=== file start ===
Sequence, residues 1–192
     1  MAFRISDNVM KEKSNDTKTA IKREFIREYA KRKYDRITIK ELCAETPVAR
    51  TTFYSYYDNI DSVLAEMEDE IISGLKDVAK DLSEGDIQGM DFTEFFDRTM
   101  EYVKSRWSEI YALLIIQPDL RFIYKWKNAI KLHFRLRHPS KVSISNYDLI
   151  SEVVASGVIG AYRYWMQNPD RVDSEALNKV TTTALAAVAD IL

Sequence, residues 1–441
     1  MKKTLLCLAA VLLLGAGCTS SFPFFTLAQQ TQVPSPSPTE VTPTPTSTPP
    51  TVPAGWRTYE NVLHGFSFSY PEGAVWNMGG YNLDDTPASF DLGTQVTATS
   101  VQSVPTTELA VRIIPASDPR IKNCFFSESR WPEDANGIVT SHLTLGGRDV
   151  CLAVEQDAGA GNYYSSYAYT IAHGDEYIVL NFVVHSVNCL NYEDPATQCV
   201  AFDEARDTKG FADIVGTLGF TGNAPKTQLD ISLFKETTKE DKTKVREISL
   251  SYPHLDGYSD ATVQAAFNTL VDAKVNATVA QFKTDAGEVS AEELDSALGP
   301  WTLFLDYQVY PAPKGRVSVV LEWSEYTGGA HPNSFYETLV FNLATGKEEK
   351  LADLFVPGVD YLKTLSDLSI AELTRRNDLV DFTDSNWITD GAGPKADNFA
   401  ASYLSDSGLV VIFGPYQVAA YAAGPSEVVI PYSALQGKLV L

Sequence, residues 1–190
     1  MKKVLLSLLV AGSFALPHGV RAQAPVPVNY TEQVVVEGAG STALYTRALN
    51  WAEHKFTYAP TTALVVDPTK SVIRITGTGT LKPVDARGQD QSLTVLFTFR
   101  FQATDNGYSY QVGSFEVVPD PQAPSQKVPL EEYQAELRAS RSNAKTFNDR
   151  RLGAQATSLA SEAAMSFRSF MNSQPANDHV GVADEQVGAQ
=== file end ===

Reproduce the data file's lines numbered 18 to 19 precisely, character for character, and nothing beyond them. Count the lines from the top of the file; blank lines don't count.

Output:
    51  WAEHKFTYAP TTALVVDPTK SVIRITGTGT LKPVDARGQD QSLTVLFTFR
   101  FQATDNGYSY QVGSFEVVPD PQAPSQKVPL EEYQAELRAS RSNAKTFNDR